In 2015, 197 countries agreed (under the Paris Agreement) to try to keep global temperature rises ‘well below’ 1.5C to avoid the worst case scenario for climate change. Experts agree that to do this, ‘net zero’ must be reached by 2050. But what is net zero? Well, this means we don’t add to the greenhouse gases, which are already in the atmosphere. It isn’t possible to stop all CO2 emissions so off-setting is one way that this goal can be reached. For example, planting the right trees in the right place.
While large companies are responsible for a large proportion of the greenhouse gases emitted into the atmosphere, as individuals, we also play a part. We all have a carbon footprint – which means we all contribute to greenhouse gases by using energy, that’s generated by fossil fuels.
Switching the light off when you leave a room is a great place to start – as is swapping traditional incandescent bulbs for LED bulbs, which use 80% less electricity. Electronic devices also continue to use power when they’re plugged in, and leaving appliances on standby is also a drain on energy. So turn the TV, games console and computer off – and unplug that charger when you’re not using it! These may seem like small changes, but they will all add up – and reduce your fuel bill.
Choosing a programme that washes a lower temperature will save energy. Many of today’s detergents are formulated to work at lower temperatures so you shouldn’t see a difference in the cleanliness of your clothes. Tumble driers are also big users of power, so make the most of a sunny or breezy day and get laundry on the line. Tumble driers can also shrink clothes, so you could get longer from your favourite outfits if you dry them naturally. If you need a new appliance, consider an A+++ option.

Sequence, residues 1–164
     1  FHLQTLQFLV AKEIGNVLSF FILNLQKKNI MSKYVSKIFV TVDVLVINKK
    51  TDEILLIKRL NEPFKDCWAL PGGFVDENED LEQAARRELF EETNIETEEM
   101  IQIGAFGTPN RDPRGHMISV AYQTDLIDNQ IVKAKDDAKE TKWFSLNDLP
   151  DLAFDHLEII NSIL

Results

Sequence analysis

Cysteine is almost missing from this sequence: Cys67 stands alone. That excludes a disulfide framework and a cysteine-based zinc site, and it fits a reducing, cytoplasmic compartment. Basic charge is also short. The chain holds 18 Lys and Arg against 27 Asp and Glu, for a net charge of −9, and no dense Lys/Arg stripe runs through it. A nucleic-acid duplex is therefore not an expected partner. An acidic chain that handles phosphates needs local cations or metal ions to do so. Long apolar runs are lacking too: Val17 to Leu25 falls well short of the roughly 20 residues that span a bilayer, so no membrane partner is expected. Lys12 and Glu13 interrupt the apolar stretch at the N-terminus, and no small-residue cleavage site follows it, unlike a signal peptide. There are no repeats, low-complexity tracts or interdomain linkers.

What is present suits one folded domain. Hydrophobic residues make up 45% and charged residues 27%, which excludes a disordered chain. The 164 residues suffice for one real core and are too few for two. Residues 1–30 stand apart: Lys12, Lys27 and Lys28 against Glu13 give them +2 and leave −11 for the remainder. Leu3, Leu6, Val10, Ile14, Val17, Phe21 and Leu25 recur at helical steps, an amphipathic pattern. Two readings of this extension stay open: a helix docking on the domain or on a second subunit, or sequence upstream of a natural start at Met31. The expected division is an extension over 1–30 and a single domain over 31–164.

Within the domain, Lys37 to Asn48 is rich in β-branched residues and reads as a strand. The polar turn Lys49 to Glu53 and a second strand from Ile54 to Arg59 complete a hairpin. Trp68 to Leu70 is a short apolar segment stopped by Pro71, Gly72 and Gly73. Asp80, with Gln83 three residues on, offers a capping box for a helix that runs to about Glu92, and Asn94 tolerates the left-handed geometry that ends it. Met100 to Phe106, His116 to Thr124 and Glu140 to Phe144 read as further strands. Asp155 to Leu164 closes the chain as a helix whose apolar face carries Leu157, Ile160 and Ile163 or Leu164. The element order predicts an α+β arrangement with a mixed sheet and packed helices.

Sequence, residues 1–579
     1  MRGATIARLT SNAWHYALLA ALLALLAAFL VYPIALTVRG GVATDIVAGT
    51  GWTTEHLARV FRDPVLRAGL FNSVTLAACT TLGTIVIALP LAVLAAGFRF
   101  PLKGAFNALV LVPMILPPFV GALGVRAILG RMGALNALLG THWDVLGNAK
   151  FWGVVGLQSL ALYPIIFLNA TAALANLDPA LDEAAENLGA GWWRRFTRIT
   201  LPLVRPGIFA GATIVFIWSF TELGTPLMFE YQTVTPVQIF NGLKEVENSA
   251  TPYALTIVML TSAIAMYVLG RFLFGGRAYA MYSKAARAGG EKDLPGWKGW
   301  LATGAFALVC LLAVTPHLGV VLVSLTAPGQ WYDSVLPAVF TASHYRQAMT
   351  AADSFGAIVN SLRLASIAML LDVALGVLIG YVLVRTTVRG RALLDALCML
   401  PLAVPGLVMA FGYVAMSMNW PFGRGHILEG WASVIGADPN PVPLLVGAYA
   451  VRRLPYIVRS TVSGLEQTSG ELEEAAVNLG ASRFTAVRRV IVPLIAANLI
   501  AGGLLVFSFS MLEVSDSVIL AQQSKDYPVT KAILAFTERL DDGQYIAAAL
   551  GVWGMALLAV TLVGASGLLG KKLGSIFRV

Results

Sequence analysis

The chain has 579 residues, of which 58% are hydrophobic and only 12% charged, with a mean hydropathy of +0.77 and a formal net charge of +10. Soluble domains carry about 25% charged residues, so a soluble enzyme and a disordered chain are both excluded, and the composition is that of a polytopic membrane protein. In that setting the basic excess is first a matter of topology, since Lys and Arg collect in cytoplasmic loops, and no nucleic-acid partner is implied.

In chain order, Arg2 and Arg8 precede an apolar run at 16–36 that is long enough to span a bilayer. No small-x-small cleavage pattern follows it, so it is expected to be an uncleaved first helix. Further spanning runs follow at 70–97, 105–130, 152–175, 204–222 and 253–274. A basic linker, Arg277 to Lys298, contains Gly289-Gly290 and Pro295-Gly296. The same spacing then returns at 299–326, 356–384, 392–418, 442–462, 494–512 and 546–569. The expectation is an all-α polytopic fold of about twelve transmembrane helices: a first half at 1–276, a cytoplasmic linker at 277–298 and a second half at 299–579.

From loft to cavity wall insulation, there are a range of ways to make your property warmer without turning up the thermostat. You could add rugs and thick curtains to rooms to keep the heat in. For those in older properties with casement or sash windows, draught proofing, slim double glazing and secondary glazing can make a big difference to the warmth of a room as well as your energy consumption. Specialists like Ventrolla can advise you on the best options for your home.
Showering is a good way to use less water, but power showers can often be on a par with baths. So try to reduce the duration of your shower, rather than just ditching baths. ‘Grey water’ (from washing up, baths and washing machines) is ideal for watering your lawn or plants. And simply by turning off the tap when you brush your teeth, you will use less water. Leaking pipes are also a culprit for wasting water, so get them fixed!
Getting from A to B by cycling, walking, car sharing and public transport not only help you save money on the rising cost of petrol and diesel but these methods will also ensure you reduce your emissions. Of course, walking and cycling are also great for your health, too. If you’re in the market for a new vehicle, consider hybrid and electric options – while these are a big upfront investment, they are a more sustainable alternative.
There are so many other tweaks you can make, which can help reduce your carbon footprint. From recycling, installing solar panels and consuming less red meat to shopping local and growing your own veg – see which fit best with your lifestyle and budget, and help do your bit for the future of the planet.